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So teach ye me the wisest part,
Assured by holy love,
And vocal with such songs as own
Their music not unmeet
Of scenes that erst did bless;
And lasting thankfulnessAnd very soon to break away, Like types, in purer things than they!
I will have hopes that cannot fade, For flowers the valley yields—
I will have humble thoughts, instead
My spirit and my God shall be
ROMAUNT OF MARGRET.
I PLANT a tree whose leaf
Now, reach mine harp from off the wall, Where shines the sun aslant:
The sun may shine and we be cold-
Sitteth the fair ladye
Close to the river side,
Her merry thoughts to guide.
It runneth by the hill ;Nathless, the ladye's thoughts have found A way more pleasant still.— Margret, Margret!
The night is in her hair,
And giveth shade to shade; And the pale moonlight on her forehead white, Like a spirit's hand, is laid :Her lips part with a smile,
Instead of speaking done— I ween she thinketh of a voice, Albeit uttering none !
All little birds do sit
With heads beneath their wingsNature doth seem in a mystic dream, Apart from her living things. That dream by that ladyè
I ween is unpartook ;
For she looketh to the high cold stars, With a tender human look! Margret, Margret
The ladye's shadow lies Upon the running river,— It lieth no less, in its quietness,
For that which resteth never; Most like a trusting heart Upon a passing faith,Or as, upon the course of life,
The steadfast doom of death! Margret, Margret !
The ladye doth not move-
In rest upon the stream!
It shaketh without wind
It parteth from the tide
It standeth upright, in the cleft moonlight
It sitteth at her side!
Margret, Margret !
Look in its face, ladyè,
And keep thee from thy swound! With a spirit bold thy pulses hold, And hear its voice's sound!
For so will sound thy voice,
When thy face is to the wall,And such will be thy face, ladyè,
When the maidens work thy pallMargret, Margret!
"Am I not like to thee?"—
And between each word there seeméd heard
"The like may sway the like!
By which mysterious law, Mine eyes from thine, my lips from thine, The light and breath may draw, Margret, Margret!
"My lips do need thy breath, My lips do need thy smile,And my pale deep eyne, that light in thine
Which met the stars erewhile.
Yet go, with light and life
If that thou lovest one, In all the earth, who loveth thee More truly than the sun, Margret, Margret !"
Her cheek had waxed white
For love's name maketh bold,
Which lit her lifted brow!) "Can earth be dry of streams,
Or hearts of love?"-she said; "Who doubteth love, can know not love,He is already dead!"
"I have"-and here her lips Some word in pause did keep; And gave, the while, a quiet smile, As if they paused in sleep! "I have a brother dear,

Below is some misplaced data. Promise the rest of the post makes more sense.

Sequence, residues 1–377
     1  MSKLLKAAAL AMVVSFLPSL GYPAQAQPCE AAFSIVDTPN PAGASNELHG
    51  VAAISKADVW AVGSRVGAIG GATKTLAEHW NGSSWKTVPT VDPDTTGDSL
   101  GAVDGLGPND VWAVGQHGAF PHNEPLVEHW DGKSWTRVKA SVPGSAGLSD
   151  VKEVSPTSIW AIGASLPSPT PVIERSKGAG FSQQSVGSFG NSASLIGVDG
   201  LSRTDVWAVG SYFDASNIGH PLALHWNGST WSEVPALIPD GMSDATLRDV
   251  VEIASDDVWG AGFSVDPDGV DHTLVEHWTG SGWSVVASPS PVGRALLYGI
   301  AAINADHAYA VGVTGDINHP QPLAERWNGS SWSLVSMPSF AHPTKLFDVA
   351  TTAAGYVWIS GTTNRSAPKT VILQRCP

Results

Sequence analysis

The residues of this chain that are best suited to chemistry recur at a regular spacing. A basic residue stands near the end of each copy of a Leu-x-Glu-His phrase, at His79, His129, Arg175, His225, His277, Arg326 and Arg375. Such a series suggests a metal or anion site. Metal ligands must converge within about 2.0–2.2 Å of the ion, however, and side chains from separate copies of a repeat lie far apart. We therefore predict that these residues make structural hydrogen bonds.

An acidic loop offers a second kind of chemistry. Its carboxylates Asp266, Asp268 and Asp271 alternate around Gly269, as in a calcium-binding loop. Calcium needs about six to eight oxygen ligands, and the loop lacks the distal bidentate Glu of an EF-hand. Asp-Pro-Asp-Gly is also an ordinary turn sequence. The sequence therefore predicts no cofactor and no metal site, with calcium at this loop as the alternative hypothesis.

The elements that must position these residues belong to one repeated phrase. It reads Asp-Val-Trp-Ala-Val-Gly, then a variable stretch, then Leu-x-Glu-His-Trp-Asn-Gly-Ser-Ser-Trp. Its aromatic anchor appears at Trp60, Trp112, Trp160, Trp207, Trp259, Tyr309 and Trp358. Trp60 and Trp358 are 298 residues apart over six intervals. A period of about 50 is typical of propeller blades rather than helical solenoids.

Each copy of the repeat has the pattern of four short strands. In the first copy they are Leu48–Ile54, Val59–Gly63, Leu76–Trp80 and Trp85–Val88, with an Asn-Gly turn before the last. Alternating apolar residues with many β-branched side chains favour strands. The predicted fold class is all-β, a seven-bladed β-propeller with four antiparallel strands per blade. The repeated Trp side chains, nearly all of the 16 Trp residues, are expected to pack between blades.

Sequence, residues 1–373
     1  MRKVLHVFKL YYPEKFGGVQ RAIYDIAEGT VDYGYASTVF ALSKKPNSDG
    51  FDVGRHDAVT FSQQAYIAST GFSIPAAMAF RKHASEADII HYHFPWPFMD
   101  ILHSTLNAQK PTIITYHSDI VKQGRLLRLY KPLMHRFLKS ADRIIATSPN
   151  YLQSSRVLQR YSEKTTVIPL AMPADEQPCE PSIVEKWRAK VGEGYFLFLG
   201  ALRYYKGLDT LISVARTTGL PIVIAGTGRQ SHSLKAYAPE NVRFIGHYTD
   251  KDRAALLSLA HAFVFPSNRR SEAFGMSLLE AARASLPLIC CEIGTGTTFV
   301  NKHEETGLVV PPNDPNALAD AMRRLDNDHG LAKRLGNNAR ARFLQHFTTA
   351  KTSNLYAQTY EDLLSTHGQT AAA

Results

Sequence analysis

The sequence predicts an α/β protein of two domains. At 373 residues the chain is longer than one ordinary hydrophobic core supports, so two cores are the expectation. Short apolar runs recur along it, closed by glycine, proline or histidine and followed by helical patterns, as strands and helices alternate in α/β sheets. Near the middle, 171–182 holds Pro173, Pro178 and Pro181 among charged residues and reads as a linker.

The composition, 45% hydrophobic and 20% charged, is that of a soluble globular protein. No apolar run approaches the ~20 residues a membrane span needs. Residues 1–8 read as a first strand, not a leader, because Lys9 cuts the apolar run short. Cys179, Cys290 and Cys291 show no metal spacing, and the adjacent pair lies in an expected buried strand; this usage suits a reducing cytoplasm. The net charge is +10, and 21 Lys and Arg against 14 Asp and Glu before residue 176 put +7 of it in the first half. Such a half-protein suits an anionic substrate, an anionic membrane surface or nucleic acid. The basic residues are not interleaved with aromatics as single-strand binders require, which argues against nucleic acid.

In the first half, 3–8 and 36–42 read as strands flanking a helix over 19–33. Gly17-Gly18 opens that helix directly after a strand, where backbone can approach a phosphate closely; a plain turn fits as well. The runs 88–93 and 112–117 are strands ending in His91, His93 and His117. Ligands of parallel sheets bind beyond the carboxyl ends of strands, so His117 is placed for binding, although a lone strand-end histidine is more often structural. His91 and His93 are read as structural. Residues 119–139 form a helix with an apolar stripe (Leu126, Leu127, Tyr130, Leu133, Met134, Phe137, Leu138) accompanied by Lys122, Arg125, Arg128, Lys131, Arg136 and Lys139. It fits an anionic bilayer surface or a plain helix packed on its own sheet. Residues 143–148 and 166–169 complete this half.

A knight of knightly fame; I broider'd him a knightly scarf With letters of my name." Margret, Margret!
"I fed his gray goss-hawk,
I sate at home when he might come,
He looked from the cup, and said,
IT trembled on the grass,
Her face was on the ground-
But the men at sea did that night agree
They heard a drowning cry.
The funeral watch did keep-
As it howl'd to see him weep.
But shrank before the cold;
Oh, light by darkness known! Oh, false, the while thou treadest earth! Oh, deaf, beneath the stone! Margret, Margret !
Nay, friends! no name but His,
Th' eternal Friend undim,
THE DESERTED GARDEN.
Since that I saw this gardine wasted.-SPENSER.
I MIND me in the days departed, How often, underneath the sun, With childish bounds I used to run To a garden long deserted.
The beds and walks were vanish'd quite; And, wheresoe'er had fallen the spade, The greenest grasses nature led, To sanctify her right.
I called it my wilderness, For no one enter'd there but I; The sheep look'd in, the grass t' espy, And passed ne'ertheless.
The trees were interwoven wild, And spread their boughs enough about To keep both sheep and shepherd out, But not a happy child.
Adventurous joy it was for me! I crept beneath the boughs, and found A circle smooth of mossy ground Beneath a poplar-tree.
Old garden rose-trees hedged it in, Bedropt with roses waxen-white, Well satisfied with dew and light, And careless to be seen.
Long years ago it might befall, When all the garden flowers were trim, The grave old gardener prided him
On these the most of all;
And lady stately overmuch, Who moved with a silken noise, Blush'd near them, dreaming of the voice That liken'd her to such !
And these, to make a diadem, She may have often pluck'd and twined,— Half-smiling as it came to mind,
That few would look at them.
Oh! little thought that lady proud, A child would watch her fair white rose, When buried lay her whiter brows,
And silk was changed for shroud !—